Hollywood in a state of emergency over 'runaway production'
Hooray for Hollywood! Well, not so much these days. Filmmakers have started making more and more movies outside the classic Hollywood/Los Angeles area, and it's making local businesses and politicians very nervous — so much so that Los Angeles Mayor Eric Garcetti has declared a state of emergency over what's called "runaway production."
Filmmakers abandon Hollywood for tax incentivesPlay Video
Nightly News Full Broadcast (August 2)
One Huge Fish Tale
California Wildfire Forces Thousands of Evacuations
Indoor Beach Offers Unique Way to Cool Off
As Jason Kennedy reported on TODAY Tuesday, the increasing cost of shooting films has led productions to seek less expensive places to shoot elsewhere. Over the past 10 years, runaway production has led to a 9 percent drop in productions filming in California, a loss of 90,000 jobs and $3 billion in wages. Movies like "The Hunger Games" trilogy film in North Carolina and Georgia, while "Battle Los Angeles" shot largely in Louisiana.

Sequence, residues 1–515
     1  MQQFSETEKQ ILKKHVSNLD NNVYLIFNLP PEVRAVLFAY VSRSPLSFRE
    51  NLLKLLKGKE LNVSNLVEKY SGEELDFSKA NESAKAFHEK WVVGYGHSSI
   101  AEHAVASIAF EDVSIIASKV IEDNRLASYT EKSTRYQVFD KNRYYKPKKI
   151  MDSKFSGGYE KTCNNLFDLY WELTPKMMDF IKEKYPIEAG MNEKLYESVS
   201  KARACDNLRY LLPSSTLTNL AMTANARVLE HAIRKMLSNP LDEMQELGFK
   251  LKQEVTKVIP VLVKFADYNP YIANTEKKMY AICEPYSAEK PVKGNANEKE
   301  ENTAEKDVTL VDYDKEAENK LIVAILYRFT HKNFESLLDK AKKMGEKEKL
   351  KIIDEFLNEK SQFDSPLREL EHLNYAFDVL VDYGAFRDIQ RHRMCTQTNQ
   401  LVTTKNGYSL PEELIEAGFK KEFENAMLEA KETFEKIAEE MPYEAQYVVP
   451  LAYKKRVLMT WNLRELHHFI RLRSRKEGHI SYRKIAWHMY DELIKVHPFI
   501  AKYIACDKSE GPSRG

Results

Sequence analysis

"We've lost the blockbuster films," said Garcetti. "They don't film here any more. Tax credits around the world and around the country have taken them away."
Garcetti's solution? Make Hollywood the go-to place again for film and TV makers by removing limits on tax incentives that drive away production, and hire a "Film Czar" in the fall.
Meanwhile, the production keeps leaking away. Noted Variety's Ted Johnson, "The more production that occurs in other cities on a regular basis, the bigger the talent pool is going to be. L.A. risks not just losing that production on a temporary basis, but also permanently."